Frances "Fanny" Courtney


Frances “Fanny” Courtney was one of many eyewitnesses to the Battle of Franklin. As Federal troops poured into the town on November 30, 1864 hoping to outrun Confederate Gen. John Bell Hood to Nashville, Courtney noted the pervasive concern: “We felt great uneasiness of mind, fearing that there would be a great battle. We asked of almost everyone passing if that would be the case. They replied, ‘We will only skirmish with the rebels till we get our wagon trains away….” This assessment could not have been more wrong. That evening, 18,000 Confederate soldiers engaged the 20,000 Federal troops entrenched in Franklin in a five-hour fight, and the result was devastating. Courtney couldn’t sleep and, compelled by a sense of duty, she began the seemingly unending task of caring for the wounded. As she gathered with friends and family members the next day, they were interrupted by a knock at the door. Standing in front of her was her brother and a cousin, who had just arrived from the battlefield. “Words are inadequate to express my happiness,” she wrote. “They had been in the rebel army over three years. We had not seen them for two years.” Her brother stayed for only a day, returning to his command near Murfreesboro. “We saw him no more,” she sadly concluded. In the aftermath of the battle, Courtney submitted to the U. S. Sanitary Commission in Nashville, Tennessee, a report on the conditions of “the hospitals and the wounded during the stay of the Rebels, a period of seventeen days, after the Battle.” Forty-four hospitals were established in those days following the battle, three for Federal wounded. Fanny and her mother took charge of the makeshift hospital at the Presbyterian Church and cared for roughly 120 wounded Federal troops there. “We first furnished them with bread, meat and tea, and coffee, every little luxury we could prepare, for several days,” she writes. “Then they drew scanty rations from the Rebels, flour the color of ashes and a little poor beef not suitable for well men, much less for wounded.”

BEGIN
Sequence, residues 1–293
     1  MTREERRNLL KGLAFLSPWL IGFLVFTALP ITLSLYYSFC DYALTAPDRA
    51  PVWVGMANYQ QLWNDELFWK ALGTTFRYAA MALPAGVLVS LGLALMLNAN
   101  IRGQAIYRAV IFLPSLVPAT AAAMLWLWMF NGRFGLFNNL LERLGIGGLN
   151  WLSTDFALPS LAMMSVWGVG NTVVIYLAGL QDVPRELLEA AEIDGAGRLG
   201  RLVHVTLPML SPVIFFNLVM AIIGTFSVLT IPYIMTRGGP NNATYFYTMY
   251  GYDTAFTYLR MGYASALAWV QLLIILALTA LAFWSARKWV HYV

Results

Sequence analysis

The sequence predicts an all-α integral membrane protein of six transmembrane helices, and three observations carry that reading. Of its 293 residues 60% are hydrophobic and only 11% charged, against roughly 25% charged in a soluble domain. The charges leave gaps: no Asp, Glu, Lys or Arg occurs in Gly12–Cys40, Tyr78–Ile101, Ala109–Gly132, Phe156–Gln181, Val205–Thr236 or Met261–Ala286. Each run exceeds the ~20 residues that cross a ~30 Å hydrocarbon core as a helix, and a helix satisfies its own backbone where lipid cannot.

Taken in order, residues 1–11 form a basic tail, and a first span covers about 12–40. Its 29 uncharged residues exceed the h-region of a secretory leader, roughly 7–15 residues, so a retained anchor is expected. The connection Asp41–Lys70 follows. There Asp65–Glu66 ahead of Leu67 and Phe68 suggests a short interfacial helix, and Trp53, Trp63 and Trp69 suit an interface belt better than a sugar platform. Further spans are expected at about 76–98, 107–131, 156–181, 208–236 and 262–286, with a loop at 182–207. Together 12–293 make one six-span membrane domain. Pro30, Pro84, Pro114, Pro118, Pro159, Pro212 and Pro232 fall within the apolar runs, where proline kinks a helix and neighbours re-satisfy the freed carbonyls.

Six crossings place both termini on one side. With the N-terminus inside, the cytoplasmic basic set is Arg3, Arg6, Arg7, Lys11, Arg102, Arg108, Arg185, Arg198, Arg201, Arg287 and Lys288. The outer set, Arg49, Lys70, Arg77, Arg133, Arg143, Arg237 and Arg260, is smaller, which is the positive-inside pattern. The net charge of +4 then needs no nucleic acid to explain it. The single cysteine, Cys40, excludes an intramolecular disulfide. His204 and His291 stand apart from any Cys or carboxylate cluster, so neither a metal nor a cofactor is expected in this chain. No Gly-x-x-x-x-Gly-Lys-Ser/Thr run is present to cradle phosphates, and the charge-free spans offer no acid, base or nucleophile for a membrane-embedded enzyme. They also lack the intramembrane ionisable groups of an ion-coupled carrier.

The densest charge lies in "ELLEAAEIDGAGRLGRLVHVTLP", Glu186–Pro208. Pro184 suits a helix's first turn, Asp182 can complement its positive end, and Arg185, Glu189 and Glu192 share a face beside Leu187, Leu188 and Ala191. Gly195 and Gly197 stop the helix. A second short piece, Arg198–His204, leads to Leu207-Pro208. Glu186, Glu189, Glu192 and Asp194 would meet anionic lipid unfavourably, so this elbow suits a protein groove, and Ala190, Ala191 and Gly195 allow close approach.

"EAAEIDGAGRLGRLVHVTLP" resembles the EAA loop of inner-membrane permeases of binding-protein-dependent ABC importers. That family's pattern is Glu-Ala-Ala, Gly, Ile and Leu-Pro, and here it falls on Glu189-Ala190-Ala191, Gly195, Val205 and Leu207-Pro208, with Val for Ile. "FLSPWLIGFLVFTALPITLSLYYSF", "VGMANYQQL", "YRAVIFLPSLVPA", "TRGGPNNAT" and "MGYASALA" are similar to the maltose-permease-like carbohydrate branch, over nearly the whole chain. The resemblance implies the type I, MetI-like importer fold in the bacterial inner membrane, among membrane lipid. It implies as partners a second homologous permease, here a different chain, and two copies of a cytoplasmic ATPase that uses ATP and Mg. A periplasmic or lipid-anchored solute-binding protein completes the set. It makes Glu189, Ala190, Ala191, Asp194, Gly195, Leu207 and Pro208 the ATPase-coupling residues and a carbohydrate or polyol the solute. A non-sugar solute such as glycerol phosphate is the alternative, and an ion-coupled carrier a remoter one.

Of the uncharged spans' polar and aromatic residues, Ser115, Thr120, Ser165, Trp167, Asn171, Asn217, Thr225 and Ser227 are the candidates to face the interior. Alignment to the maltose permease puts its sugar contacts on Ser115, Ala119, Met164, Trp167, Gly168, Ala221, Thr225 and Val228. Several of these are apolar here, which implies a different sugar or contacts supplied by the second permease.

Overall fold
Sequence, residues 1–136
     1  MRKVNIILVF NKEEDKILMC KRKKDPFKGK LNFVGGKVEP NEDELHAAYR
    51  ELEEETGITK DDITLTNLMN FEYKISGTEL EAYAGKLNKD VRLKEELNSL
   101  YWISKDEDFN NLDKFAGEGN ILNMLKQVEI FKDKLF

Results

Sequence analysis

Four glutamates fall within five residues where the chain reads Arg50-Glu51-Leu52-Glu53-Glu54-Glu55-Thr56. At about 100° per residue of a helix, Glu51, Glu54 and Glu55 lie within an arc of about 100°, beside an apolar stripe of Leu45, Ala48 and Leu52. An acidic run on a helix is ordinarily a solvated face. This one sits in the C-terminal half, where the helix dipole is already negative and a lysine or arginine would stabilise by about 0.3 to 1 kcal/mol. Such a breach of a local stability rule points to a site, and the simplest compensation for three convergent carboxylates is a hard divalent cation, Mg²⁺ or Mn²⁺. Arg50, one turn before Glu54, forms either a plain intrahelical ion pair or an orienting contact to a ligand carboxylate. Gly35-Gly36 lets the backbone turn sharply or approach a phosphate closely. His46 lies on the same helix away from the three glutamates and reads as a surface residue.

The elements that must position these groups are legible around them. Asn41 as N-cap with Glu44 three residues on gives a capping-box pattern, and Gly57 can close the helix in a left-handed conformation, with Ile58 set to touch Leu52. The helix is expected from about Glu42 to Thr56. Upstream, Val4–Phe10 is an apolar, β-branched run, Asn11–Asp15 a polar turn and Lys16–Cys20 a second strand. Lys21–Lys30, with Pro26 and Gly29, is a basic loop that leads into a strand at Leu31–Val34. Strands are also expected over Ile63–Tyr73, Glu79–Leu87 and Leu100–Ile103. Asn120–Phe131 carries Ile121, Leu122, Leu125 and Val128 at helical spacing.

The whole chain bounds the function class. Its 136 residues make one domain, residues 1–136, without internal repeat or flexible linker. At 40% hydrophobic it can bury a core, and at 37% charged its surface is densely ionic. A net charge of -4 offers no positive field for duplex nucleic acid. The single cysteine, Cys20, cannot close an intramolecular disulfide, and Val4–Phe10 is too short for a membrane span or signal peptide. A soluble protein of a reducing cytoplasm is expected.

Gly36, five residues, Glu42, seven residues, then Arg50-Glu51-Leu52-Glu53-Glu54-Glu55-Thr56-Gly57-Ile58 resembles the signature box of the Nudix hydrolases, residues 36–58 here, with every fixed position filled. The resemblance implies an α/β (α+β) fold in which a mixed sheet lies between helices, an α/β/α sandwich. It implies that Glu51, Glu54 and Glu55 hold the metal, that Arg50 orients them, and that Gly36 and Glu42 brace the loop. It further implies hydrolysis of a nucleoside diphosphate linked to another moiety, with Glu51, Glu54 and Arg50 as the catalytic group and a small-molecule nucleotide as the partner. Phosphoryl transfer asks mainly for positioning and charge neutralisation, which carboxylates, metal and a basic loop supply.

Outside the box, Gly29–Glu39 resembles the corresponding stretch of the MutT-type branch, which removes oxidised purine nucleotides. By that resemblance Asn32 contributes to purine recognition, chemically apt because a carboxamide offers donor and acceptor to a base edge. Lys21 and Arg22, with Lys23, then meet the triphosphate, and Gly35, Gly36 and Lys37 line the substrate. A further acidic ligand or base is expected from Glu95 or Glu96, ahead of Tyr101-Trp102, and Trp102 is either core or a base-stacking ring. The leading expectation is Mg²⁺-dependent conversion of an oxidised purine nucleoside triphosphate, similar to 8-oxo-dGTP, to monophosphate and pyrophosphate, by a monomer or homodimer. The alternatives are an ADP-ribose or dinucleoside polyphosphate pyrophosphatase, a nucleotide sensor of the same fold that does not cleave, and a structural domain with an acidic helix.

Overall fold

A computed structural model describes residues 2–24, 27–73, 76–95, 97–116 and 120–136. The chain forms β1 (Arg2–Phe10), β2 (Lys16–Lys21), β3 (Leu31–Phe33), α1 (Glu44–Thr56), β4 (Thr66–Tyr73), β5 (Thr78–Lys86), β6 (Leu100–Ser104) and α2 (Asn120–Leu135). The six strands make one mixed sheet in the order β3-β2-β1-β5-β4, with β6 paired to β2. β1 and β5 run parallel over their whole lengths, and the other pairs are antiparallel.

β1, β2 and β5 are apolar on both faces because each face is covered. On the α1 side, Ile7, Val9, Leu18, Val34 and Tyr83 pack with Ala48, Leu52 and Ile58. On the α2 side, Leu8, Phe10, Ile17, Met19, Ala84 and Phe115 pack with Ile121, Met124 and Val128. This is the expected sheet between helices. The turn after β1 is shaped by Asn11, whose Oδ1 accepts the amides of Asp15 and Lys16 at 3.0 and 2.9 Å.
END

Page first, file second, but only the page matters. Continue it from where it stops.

• Eyewitness to the Battle of Franklin, began caring for the wounded
  • Brother fought in Confederate army, died in service
  • Took charge of a hospital and cared for Federal troops
  • Submitted report on conditions to U.S. Sanitary Commission